His mother expects her son to get his degree, and Colvin has already looked into taking online classes in the off-seasons, though if he's assigned to an instructional or fall league, the coursework would have to wait.
"I promised her I'd finish," Colvin said. "I intend to finish."
Colvin's patience extends to his physical maturation, too. His 6-foot-3 frame currently carries 190 pounds. But as a youngster playing baseball in South Carolina, he remembers feeling undersized.
"There're some teammates that I remember when I was 12 years old, they were already six feet tall and I was still a little runt," Colvin said. "Finally, I've caught up a little bit."
Colvin's frame could stand to hold a few more pounds, especially to get through the grind of summer.
Strength training has been an emphasis since he arrived at Clemson.
"It was last year," he said. "It has been every year since I got to college. They really focus on getting stronger. This off-season, I'm going to work hard at it and try to get my weight up somewhere around 205, 210 maybe. I just need to make sure I stay flexible and stay pretty fast so I can stick in centerfield."
Listach said Colvin may be lean in body type, but that he is stronger than he might outwardly appear.
"He's only 21 years old," Listach said. "He's a strong kid. He's not weak by any means, but he can definitely get stronger and get bigger, and hopefully in three or four years he'll put on 10 pounds and he'll hit for some more power than what he already has. He looks thin, but he's pretty ripped."
Listach has used Colvin primarily in center field with some appearances in right field, too. Colvin doesn't mind.
"I played left field all through college," Colvin said. "The last half of last season, I played left. This year, I've been switching from center to right, mostly center. I'm comfortable anywhere I play. I just like to be in the lineup."
Colvin has the speed and range to play center. He also has the arm to play right field. That arm strength has been something he's had to harness a bit.
"He's got a good arm," Listach said. "He's just got to learn to keep the ball down and hit the cut-off man. He wants to throw everybody out. He's real gung-ho about the whole game. When he's got a bat in his hand, he's ready to swing, and when he's got a ball in his hand, he's ready to throw. He's got to tone it down just a tad and keep the same aggressiveness."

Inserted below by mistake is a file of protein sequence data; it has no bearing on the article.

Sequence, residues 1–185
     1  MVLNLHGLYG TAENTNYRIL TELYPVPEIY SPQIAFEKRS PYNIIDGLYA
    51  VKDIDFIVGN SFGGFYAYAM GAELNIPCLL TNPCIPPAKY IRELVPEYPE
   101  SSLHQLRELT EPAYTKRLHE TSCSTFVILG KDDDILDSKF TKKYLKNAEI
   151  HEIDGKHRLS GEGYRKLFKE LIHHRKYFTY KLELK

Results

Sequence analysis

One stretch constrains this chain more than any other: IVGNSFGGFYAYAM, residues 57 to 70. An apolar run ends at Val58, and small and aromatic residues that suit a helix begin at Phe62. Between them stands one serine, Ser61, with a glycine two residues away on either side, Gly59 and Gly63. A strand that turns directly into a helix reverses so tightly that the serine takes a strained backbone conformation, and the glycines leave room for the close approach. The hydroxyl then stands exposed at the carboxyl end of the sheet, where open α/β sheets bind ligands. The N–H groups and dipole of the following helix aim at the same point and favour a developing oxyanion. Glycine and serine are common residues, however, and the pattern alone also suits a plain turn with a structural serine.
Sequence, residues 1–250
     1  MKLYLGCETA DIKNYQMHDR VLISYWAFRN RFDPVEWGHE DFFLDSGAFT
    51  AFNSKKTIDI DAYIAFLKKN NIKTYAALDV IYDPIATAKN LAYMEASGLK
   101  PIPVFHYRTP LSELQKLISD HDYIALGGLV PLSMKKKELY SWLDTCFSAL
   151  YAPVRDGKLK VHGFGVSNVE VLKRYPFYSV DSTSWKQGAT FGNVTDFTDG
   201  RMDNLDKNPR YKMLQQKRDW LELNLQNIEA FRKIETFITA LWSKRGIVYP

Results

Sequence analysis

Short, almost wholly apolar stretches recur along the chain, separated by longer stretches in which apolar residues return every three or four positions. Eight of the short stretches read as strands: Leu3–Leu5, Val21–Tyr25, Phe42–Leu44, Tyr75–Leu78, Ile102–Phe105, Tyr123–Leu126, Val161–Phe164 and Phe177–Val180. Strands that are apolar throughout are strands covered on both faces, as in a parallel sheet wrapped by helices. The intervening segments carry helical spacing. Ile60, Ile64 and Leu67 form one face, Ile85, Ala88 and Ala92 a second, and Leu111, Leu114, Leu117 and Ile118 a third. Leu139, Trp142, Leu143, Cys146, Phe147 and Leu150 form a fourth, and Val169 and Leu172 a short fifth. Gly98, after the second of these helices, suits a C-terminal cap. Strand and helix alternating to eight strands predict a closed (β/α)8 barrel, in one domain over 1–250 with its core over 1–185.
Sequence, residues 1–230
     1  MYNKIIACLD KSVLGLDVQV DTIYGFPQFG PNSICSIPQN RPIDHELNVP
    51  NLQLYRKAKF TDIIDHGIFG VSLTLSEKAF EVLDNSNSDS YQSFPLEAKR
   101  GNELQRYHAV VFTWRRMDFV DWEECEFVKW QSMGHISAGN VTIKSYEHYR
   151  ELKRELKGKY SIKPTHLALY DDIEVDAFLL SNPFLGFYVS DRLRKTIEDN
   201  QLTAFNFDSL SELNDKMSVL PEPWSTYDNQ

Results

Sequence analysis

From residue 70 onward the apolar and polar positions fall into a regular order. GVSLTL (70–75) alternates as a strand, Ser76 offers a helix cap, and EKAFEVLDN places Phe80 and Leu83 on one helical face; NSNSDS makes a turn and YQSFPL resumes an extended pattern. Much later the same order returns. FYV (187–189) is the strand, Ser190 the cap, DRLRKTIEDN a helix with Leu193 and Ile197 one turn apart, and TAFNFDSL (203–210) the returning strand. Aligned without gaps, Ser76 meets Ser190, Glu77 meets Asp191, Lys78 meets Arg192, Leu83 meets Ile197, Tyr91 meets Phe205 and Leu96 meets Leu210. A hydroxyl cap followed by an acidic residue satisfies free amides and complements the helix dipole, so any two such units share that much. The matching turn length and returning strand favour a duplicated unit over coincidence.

Colvin smiles when this information is relayed to him. He is as easygoing off the field as he is "gung-ho" on it, handling the media with comfortable ease.
During a recent fielding practice session, Colvin aired out his throws home. Listach shook his head, motioned with his arm to get the ball down, and then pointed with the bat to the cut-off man.
Right on cue, the next throw from Colvin was a perfect one-hopper to the catcher that brought a nod of approval from Listach.
"He's got to control that a little bit," Listach said. "He made a bad decision the other night on a throw to third base and let the tying run walk into second. So he's got to learn when to try to throw a runner out and when to keep the tying run off of second base and keep the double play intact.
"It's just a matter of him playing the game more."
Colvin did the same thing to an opponent on July 27.
He singled to drive in a run and then scooted from first to third on a single to center field by Kyle Reynolds. That forced a throw to third, which allowed Reynolds to reach second.
Both players then scored when Issmael Salas singled, and it gave the Smokies a 3-0 first inning lead that they never surrendered.
"Sometimes I get a little anxious because I like to show off my arm," Colvin said sheepishly. "I don't think I have a great arm, but I have enough arm to throw somebody out. Right now it's getting late (in the season), and I want to show it off a little too much.
"I need to tone it down some and make sure I hit the cut-off man in the head because if I throw it at their head, either they can cut it or they can let it go and it will be a perfect one-hop. I don't need to try to air it out to the bases all the time," he added.
It's been a year of learning and adjustments for Colvin since he was plucked in the first round a year ago, and so far he's handled it with aplomb.
He spent his first pro season at Low-A Boise in 2006, batting .268 in 64 games, and then was invited to Big League Spring Training Camp on Jan. 9.
Colvin hit .318 (7-for-22) in eight games with the Cubs this past spring and then was assigned to Daytona.